`This gripping narrative not only documents the history of humankind's interaction with a clever virus, it brings to the forefront the much and understated and underused role of communication in HIV and AIDS prevention, care and treatment. Singhal and Rogers remind us that our global environment is shaped by powerful communication means and methods that, if properly harnessed, can help defeat the plague of the 21st century' - Neil McKee, Senior Technical Advisor for HIV/AIDS and Adolescent Health, Johns Hopkins University
`This book is an important contribution to AIDS education globally. The rich and diverse cases analyze, humanize and contextualize the continuum of HIV/AIDS prevention, care and support. Researchers and practitioners will find this book most useful' - Collins Airhihenbuwa, Professor of Bio-Behavioural Health, Penn State University
`Educating people about AIDS is one of the biggest communication challenges that we face today. This remarkable book is a must-read for anyone who wants to understand the challenges and ways to overcome it. Thorough and hopeful, this is one of those books that can actually make a difference in this world' - Emanuel Rosen, author of 'The Anatomy of Buzz'
`A thoroughly readable and inspiring book by two of the world's foremost health communication experts. Accessible and personalised, it is a "must-read" for all those interested in AIDS prevention, care and support' - Shereen Usdin, Co-Founder of the Soul City Institute of Health and Development Communication, South Africa
`This book provides a comprehensive analysis of the strategies related to HIV/AIDS communications. It is published at a critical moment as the world increasingly realizes the role of communication in the fight against HIV/AIDS' - Rafael Obregon, Social Communication Advisor, Pan American Health Organization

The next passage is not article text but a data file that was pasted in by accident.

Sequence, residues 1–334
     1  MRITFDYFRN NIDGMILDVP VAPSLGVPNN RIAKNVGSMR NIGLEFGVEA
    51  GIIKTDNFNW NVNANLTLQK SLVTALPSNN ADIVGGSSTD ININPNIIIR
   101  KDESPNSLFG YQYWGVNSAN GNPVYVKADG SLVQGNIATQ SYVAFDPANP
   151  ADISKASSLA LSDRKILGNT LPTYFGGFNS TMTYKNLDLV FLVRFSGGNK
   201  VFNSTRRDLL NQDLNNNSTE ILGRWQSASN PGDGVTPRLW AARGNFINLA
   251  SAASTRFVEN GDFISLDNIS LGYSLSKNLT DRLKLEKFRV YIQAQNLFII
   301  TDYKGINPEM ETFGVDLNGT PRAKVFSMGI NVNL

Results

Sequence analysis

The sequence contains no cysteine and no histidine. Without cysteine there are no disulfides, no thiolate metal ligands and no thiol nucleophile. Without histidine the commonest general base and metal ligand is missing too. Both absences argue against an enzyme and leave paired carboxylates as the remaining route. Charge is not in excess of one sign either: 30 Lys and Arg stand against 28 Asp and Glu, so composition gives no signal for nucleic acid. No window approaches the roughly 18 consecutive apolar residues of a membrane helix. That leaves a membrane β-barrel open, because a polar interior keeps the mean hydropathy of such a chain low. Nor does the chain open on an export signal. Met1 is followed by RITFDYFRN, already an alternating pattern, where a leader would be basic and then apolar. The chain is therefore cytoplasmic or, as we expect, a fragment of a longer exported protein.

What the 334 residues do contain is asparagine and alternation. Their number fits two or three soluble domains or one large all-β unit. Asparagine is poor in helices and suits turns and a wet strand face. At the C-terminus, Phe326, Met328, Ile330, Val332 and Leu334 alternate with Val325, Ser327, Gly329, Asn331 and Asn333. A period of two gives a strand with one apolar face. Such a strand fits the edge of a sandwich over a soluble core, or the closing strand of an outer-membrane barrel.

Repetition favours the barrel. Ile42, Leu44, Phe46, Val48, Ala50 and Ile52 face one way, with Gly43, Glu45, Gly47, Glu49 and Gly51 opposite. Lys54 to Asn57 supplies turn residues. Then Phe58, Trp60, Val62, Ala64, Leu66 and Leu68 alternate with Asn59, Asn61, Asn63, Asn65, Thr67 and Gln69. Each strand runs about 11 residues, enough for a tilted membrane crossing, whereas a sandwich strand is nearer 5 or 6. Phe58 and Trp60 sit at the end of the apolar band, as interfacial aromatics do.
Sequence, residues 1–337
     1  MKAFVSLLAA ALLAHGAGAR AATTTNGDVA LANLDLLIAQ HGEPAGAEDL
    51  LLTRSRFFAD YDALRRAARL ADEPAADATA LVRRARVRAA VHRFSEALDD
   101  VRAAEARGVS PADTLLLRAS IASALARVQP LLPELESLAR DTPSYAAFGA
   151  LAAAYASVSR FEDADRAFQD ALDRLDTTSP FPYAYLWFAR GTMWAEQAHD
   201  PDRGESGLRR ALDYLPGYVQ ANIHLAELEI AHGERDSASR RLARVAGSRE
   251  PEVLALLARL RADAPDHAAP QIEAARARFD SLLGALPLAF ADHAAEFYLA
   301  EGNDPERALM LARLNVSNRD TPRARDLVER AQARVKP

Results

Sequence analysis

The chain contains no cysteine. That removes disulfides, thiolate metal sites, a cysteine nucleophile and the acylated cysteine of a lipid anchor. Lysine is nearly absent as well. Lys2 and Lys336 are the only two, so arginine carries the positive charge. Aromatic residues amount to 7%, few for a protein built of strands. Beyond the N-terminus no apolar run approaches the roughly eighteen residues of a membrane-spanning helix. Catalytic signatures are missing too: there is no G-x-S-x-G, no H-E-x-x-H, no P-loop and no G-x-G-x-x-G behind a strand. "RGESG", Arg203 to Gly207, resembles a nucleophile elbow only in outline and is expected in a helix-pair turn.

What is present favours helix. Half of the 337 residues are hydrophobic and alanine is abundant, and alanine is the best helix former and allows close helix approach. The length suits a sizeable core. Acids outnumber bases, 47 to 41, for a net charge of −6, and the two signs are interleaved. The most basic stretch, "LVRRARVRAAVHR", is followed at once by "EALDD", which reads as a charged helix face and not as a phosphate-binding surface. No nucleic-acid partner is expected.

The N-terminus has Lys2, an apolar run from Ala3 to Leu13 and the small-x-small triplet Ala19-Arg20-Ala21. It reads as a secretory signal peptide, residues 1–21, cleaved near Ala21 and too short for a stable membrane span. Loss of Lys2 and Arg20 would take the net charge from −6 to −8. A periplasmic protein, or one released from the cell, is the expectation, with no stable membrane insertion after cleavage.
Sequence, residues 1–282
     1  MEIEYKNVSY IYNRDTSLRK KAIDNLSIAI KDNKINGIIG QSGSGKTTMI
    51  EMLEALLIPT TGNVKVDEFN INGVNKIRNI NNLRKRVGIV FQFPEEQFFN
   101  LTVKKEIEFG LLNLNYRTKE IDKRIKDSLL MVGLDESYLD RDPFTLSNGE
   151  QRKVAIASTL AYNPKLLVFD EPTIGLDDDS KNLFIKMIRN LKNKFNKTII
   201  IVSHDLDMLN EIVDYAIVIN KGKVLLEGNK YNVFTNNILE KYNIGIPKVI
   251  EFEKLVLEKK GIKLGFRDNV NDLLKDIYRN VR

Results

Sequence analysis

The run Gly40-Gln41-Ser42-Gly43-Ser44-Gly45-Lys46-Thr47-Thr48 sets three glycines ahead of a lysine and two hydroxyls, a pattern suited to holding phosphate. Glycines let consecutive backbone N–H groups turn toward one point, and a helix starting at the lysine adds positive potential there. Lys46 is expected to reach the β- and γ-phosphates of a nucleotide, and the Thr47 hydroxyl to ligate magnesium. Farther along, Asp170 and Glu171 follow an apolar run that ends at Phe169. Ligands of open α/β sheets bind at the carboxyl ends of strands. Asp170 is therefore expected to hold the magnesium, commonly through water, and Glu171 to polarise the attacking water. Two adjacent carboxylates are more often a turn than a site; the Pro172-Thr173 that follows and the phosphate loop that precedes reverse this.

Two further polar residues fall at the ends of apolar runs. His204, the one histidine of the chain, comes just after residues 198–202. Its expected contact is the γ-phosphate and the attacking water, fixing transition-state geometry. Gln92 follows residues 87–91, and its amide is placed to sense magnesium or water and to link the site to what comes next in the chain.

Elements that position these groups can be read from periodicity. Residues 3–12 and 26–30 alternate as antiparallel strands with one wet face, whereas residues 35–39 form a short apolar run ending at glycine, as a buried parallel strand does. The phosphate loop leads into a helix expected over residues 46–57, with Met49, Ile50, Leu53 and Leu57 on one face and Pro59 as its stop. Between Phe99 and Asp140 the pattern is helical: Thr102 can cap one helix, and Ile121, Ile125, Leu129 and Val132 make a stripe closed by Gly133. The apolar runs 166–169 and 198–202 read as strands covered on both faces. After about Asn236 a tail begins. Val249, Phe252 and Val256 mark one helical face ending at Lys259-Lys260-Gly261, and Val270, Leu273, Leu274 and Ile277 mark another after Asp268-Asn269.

`Combating AIDS is slickly written using commicators' theories, taking the reader step-by-step through various arguments, and using repitition to ingrain them in the reader's mind' - Ritu Priya, Nature
The purpose of this book is to synthesize critical lessons learned about effective HIV/AIDS prevention programs, emphasizing the role of communication strategies. Combating AIDS focuses on communication strategies that could mobilize political action, target high-risk groups, and overcome stigma. The authors describe and analyze advocacy strategies, culturally-engaging targeted and tailored responses, and the entertainment-education strategy, including the use of television and radio soap operas to engage audiences emotionally and create a forum for public debate and discussion.
Focusing on the work being carried out by individuals and organizations, this book humanizes the AIDS epidemic. Interesting, informative, and readable, it will be of interest to policymakers, practitioners, and scholars in the fields of public health, communication and change, development studies, social work, and public policy.
In this urgent and insightful book, public radio journalist Celeste Headlee shows us how to bridge what divides us--by having real conversations
BASED ON THE TED TALK WITH OVER 10 MILLION VIEWS
NPR's Best Books of 2017
Winner of the 2017 Silver Nautilus Award in Relationships & Communication
“We Need to Talk is an important read for a conversationally-challenged, disconnected age. Headlee is a talented, honest storyteller, and her advice has helped me become a better spouse, friend, and mother.” (Jessica Lahey, author of New York Times bestseller The Gift of Failure)
Today most of us communicate from behind electronic screens, and studies show that Americans feel less connected and more divided than ever before. The blame for some of this disconnect can be attributed to our political landscape, but the erosion of our conversational skills as a society lies with us as individuals.